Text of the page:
Squish: The Power of the Parasite by Jennifer Holm and Matthew Holm
In the third book of the Squish series, Squish is sent to a summer day camp to learn how to swim. He only had two options in choosing a camp.. Swim camp or Ballet camp. The only problem is that Squish doesn't know how to swim and last time he tried to swim, he almost drown! So he's a little nervous. Then he meets a new friend, Basil. Basil is a hydra, but he doesn't swim either. They're getting along really great until Basil starts taking jokes a little too far. He stings other students and the teacher with his tentacles. Squish is not too happy about that and he stops hanging out with him so Basil stings him to make his new friend laugh. Squish uses the ballet his friends taught him to send Basil away forever!
Another storyline in this book is the comic book that Squish reads. This book stars Super Amoeba and the Parasite. They join forces to form a Superhero Partnership until the Parasite starts being mean. He doesn't pay for the pizza he orders, he doesn't rescue cats from trees, and then he starts stealing money from the bank! Super Amoeba gives the Parasite one chance to leave the money he stole and never comes back... and he does! (Until the next book, maybe?)
Now I realize that many of the books I have read and reviewed are books in which girls would be interested because I pick them out because I'm interested and I'm a girl! Not to say that boys wouldn't like them, but I think books like Star-Bubble Trouble are probably not going to be the first one they pick up. I decided I needed to read more "boy books" for my blog because I'm going to have male students so I need to have books that will keep them interested in reading!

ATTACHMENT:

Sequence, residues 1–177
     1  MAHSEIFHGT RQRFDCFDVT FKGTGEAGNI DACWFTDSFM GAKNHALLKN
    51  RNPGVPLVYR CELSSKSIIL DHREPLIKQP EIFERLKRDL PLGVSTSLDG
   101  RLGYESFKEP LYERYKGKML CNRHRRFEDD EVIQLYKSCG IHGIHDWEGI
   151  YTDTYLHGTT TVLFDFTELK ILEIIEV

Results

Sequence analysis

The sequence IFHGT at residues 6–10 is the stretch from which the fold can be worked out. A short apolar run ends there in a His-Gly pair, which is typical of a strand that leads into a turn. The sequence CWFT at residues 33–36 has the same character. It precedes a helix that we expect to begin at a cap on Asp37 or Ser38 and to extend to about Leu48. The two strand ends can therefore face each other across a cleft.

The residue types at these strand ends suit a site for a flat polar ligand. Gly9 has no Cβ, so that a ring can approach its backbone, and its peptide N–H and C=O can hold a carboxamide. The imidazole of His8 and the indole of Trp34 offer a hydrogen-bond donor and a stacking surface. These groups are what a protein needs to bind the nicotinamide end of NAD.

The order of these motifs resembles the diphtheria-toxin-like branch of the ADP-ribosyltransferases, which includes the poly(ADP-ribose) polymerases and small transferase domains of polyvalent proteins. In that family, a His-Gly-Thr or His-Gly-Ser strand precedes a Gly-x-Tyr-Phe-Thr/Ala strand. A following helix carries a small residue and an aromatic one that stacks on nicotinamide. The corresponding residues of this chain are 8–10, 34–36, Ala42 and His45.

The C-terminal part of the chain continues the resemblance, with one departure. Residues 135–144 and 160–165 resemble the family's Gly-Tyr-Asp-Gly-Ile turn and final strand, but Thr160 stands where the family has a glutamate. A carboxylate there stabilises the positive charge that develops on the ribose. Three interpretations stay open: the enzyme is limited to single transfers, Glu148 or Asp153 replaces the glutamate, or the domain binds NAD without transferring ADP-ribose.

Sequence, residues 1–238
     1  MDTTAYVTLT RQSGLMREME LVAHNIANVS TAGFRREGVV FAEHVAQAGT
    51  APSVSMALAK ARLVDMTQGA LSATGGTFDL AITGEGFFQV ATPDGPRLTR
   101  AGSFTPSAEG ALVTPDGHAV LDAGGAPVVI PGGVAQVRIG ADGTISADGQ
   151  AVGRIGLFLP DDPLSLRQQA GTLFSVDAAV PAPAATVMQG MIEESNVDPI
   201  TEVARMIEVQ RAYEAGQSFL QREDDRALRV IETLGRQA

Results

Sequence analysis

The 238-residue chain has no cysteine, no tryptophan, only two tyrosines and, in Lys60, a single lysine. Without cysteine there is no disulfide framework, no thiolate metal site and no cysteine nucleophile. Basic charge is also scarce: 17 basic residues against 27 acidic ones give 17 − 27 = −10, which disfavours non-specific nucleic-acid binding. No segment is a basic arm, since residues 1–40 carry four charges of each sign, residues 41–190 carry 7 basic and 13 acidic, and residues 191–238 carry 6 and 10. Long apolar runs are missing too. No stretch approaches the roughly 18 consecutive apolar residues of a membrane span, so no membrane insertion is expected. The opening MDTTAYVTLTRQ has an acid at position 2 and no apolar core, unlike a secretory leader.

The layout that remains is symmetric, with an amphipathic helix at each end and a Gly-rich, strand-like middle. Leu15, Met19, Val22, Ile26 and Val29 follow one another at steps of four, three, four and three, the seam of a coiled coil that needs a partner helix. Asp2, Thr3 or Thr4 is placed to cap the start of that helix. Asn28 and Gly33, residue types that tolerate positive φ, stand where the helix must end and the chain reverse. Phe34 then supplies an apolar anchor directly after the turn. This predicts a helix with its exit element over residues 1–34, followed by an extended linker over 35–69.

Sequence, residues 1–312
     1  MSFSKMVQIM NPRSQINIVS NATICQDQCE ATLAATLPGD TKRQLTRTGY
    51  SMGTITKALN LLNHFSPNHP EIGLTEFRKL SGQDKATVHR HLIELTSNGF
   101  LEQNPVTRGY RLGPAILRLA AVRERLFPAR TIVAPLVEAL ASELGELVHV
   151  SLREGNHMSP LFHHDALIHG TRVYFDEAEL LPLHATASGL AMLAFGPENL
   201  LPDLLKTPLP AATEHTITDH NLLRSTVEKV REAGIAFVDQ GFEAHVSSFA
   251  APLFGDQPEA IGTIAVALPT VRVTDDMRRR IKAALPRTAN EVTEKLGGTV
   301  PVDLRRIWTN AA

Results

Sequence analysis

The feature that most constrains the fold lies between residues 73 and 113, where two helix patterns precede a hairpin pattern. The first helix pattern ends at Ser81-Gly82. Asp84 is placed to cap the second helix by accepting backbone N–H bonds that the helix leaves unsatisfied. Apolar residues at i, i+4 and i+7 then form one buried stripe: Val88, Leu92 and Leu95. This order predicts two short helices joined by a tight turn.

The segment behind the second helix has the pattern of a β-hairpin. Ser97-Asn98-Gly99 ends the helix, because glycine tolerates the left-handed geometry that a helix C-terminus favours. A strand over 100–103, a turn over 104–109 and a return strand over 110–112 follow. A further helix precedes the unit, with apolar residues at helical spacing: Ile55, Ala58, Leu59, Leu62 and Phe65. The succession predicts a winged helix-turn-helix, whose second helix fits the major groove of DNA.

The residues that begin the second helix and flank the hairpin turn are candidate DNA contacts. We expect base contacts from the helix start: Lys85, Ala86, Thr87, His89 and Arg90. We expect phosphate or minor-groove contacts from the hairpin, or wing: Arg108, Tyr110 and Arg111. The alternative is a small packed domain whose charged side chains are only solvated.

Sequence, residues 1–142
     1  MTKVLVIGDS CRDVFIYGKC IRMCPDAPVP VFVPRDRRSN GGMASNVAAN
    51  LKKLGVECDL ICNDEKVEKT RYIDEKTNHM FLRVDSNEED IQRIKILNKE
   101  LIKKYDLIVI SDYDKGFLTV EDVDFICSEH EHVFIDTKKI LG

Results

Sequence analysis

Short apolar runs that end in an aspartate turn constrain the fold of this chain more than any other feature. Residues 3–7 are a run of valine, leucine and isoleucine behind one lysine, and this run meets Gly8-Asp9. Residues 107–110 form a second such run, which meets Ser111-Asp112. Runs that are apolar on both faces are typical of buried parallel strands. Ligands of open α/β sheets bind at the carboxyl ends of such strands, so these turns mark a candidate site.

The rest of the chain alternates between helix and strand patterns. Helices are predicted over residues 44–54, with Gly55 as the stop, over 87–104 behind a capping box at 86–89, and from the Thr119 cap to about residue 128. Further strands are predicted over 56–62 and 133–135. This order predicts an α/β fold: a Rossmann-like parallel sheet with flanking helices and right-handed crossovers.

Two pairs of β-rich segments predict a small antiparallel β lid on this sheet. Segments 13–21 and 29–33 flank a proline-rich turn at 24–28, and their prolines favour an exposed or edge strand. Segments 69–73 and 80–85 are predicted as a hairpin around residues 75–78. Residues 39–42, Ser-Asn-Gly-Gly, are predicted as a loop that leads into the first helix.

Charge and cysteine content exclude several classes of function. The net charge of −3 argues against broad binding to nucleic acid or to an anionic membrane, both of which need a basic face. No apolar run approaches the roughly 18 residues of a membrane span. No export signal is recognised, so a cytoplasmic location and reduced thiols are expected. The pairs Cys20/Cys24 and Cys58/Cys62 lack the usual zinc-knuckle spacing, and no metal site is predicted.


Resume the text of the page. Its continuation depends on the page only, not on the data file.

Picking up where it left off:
This book, Squish: The Power of the Parasite seems to be the male version of the Babymouse series. (I previously read and reviewed Camp Babymouse.) They are both graphic novels written by Jennifer and Matthew Holm. Both books also are black and white with one color for everything. In this book, the color is green. I think with the topic of this book is focused on comic books and superheroes that boys will be likely to pick this up to read.
Like in Camp Babymouse, there is a narrator in this book. This time they don't really have conversations with the main character though. The narrator describes what's going on or what time of day it is. I thought the narrator in this book seemed somewhat sarcastic at some points in the book though. Also like in the Babymouse series, there are many onomatopoeias to express emotion and action. Some pages don't even have real words, just sounds!
I thought this was an interesting book that I will be including in my classroom, provided that the students are old enough! (I kind of want to work with the really little guys!) There are three books in the series right now, but the fourth one, Squish: Captain Disaster, will be out at the end of September!